The golf swing release is most easily described as the release of your body and swing’s accumulated energy at the right moment through impact for maximum power, speed, and efficiency for your golf shots.
Releasing the golf club properly is one of many golf swing fundamentals that requires the correct timing of your body movements (also called ‘correct body sequencing’) through impact and to your follow-through.
To increase your chances of releasing correctly, we must first find the release point of our golf swing. Once that’s established, we can evaluate the quality of our swing release by checking that:
- Feel a Release Down Your Target Line First
- Club Travels on an Inward Arc During the Full Swing Release
- Maintain Your Spine Angle to Release The Club Better
- Forearms Level Out & Toe of Club Points Upwards
- Leading Wrist Shifts from Flat/Bowed to Cupped, While Trailing Wrist Does the Opposite
- Your Trailing Shoulder and Chest Driving Toward Your Target Moves Your Head to Complete Release
- Avoid Chicken Winging Your Leading Arm for More Power During Your Release
Swing Release Basics: Mark Your Release Point
Before we begin, we should first find the release point of our swing. Golfers experience “release problems” when they release their swing energy too early or too late in relation to impact (causing slices, hooks, chunky shots, and thin shots).
To establish what the proper release sequence should feel like:
- Take a short iron in hand (8 – 9 iron) and create your standard stance with appropriate ball positioning as if you were about to hit a normal shot.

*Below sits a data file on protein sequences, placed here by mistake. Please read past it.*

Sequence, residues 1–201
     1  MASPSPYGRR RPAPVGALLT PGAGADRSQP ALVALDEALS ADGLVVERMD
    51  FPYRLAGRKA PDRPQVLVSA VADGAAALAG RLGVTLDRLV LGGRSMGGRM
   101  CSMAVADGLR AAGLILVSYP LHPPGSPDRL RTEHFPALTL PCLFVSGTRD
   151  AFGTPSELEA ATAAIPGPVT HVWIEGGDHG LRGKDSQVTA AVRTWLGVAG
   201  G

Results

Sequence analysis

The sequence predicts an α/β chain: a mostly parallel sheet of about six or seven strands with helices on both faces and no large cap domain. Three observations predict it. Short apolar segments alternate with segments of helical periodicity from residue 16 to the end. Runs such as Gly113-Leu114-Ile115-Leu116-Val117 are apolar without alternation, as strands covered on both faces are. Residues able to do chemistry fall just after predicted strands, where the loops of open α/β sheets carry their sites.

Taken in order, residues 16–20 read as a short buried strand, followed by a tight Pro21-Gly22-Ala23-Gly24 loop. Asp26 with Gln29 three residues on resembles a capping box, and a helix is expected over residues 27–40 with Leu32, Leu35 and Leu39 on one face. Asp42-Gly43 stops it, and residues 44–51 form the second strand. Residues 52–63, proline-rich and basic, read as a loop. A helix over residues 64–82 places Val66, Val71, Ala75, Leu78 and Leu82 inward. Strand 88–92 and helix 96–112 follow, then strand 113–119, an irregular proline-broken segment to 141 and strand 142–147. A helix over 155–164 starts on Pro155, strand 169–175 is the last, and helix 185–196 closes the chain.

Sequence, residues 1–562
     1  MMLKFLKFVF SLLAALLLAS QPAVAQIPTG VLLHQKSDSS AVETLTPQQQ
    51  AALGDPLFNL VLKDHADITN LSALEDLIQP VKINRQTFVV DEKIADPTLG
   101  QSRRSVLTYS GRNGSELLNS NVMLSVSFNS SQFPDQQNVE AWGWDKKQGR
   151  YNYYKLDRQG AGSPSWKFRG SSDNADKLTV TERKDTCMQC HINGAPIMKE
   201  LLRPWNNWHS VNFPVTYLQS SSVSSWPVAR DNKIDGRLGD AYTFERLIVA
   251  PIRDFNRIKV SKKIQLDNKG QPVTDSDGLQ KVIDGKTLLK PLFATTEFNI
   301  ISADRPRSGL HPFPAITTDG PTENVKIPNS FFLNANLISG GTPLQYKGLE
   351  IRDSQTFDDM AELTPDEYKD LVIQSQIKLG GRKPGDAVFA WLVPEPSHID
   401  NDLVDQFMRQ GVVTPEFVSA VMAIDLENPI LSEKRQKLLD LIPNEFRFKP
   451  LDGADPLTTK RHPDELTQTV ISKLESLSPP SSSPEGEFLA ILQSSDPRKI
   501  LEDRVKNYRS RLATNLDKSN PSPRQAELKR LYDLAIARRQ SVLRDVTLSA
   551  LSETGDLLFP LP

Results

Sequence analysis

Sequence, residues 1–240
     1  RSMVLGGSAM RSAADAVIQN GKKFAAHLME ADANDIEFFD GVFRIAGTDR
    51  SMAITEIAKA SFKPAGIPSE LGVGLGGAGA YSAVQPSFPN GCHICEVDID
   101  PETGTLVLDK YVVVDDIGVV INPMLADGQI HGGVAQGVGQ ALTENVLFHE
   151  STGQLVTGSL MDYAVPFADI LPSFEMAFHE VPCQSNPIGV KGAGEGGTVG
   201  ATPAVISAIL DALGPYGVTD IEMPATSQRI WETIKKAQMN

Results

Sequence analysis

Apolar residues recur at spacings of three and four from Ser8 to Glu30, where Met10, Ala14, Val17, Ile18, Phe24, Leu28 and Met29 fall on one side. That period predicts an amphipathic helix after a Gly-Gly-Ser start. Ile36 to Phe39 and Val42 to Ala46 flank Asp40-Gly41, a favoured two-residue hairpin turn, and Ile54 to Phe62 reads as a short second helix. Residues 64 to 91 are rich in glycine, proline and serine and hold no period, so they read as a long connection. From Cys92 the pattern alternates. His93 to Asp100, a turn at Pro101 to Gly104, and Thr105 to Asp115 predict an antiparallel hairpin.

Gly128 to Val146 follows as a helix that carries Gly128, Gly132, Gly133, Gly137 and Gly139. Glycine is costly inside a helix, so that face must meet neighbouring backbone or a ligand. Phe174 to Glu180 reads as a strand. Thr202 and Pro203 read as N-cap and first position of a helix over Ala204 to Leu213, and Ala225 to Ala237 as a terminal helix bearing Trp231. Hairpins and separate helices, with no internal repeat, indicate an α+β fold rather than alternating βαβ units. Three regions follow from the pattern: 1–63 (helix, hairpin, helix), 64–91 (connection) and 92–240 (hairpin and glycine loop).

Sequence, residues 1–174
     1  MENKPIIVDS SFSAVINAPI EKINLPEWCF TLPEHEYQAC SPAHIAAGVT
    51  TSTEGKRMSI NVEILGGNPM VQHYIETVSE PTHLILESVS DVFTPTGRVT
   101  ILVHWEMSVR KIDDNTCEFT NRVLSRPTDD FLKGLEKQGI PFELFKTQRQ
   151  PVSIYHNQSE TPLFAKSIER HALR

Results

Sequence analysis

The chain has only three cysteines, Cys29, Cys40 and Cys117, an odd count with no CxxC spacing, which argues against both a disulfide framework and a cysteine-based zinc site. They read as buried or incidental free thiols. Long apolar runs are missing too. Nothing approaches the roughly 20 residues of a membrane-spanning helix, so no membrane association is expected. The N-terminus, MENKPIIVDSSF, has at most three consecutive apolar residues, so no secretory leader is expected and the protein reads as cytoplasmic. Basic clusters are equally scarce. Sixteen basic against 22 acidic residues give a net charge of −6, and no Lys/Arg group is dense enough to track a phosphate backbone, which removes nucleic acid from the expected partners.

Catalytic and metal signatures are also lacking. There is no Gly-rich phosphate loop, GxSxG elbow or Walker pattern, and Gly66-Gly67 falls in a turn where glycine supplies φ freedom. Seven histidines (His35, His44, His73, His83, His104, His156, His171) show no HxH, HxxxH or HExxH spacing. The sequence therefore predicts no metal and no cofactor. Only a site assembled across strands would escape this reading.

- Next, move the golf ball forward in your stance until it’s in line with the middle toe on your leading foot!
- Continuing with your normal stance and set-up, hit this golf ball that’s now 6 – 8 inches ahead of its normal position.
You won’t be able to create crisp, straight contact unless you release the club and your stored energy at the proper moment through and following impact.
Complete this exercise 5+ times before moving the ball back to its normal position and making your swing while imagining the ball is still forward in your stance.
This starting tip establishes the proper golf swing release feeling that aids the rest of our release advice!
How to Release the Club Correctly in the Golf Swing
1. Feel a Release Down Your Target Line First
The first move of a proper golf swing release is contacting the golf ball and your club head moving down the target line for a brief amount of time immediately following impact.
The easiest way to accomplish this move and feeling is by placing an alignment stick or golf tee a few inches in front of your golf ball, pointed at your intended target, and trying to barely graze this object after you strike the golf ball!
This is a similar move and feeling as our previously described Release Point Exercise above!
2. Club Travels on an Inward Arc During the Full Swing Release
Golfers experience hosel-adjacent contact or weak toe strikes when their understanding of their swing arc (the path the golf club travels) gets confused related to their golf swing release.
Your golf club travels on a tilted circle during your swing and release (travelling within the golf swing plane), only staying down the actual target line for a brief amount of time through impact.
As a right-handed player, we should feel our hands moving toward our left side as we release the club and our power into our golf shot. This feeling of leftward movement aids every part of your release moving forward!
Detailed Guide Here: What is the golf swing plane?
3. Maintain Your Spine Angle to Release The Club Better
Experiencing the proper golf swing release sequence is much easier to accomplish when you maintain your spine angle through and following impact.
The only way we enjoy maintaining our spine angle is by practicing our impact position and follow-through position while our head rests against a wall (to keep our spine in the same location throughout the swing).
Detailed Guide Here: 
4. Forearms Level Out & Toe of Club Points Upwards